March 19, 2010

Japan's got talent

No discussion of attractive women with slightly unusual physical characteristics can be deemed complete without mentioning the owner of the world's cutest overbite. When Disney anthropomorphizes a pretty girl chipmunk, what they must surely have in mind as the ideal is Shouko Nakagawa (中川翔子).

Nakagawa came up through the traditional "idol" ranks, which presupposes a nominal (often very nominal) amount of singing and acting skills. But these days she is mainly known as a "talent" (tarento).

A "talent" (an actual title and job description in Japan's entertainment industry) is a person whose fundamental "talent" is being famous for being famous. Talents are the backbone of the game, chat, and variety show circuits in Japan. Their job is to have charisma, a fan base, and always something interesting to say.

Shouko Nakagawa has greatly extended her audience not just by being very cute, but by demonstrating a genuine interest in, and knowledge of, all things otaku. She can share the stage with either comedians or professorial types and acquit herself nicely. And she's respectable enough to appear regularly on NHK.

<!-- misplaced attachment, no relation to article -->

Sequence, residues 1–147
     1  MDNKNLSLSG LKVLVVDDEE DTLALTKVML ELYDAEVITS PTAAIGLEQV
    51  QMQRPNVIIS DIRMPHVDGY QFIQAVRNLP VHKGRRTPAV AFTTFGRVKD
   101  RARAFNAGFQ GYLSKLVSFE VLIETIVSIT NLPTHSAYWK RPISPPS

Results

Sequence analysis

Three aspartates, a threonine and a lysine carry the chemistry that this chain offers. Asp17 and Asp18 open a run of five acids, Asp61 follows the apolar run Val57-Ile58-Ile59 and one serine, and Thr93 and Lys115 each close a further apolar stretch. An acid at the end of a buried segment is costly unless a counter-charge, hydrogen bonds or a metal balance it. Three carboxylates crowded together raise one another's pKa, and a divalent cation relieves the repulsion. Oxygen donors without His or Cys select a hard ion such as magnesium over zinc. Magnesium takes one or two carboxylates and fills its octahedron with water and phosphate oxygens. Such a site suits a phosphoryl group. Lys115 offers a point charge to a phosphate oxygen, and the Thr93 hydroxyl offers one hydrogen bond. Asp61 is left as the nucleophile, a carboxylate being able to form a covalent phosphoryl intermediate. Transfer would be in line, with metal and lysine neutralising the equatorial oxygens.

She is the incarnation of the geek daydream, a flesh and blood moe character come magically to life: big eyes, big ears, a dainty overbite, beauty and brains.

In Japan, it a respectable sideline for people with real talent to do stints as "talents," such as actor/director Takeshi Kitano, who hosts a weekly chat show. Marty Friedman, lead guitarist for the metal band Megadeth, now lives in Japan and makes regular appearances as a "gaijin talent" (another actual category).

By way of comparison, Ryan Seacrest on American Idol is an "announcer" (anaunsaa), a specialized kind of "talent." Ellen is an "announcer" on Ellen but a "talent" on American Idol. David Hasselhoff on America's Got Talent is a "talent," because nobody can remember what he's famous for anymore.

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Timeless fashion

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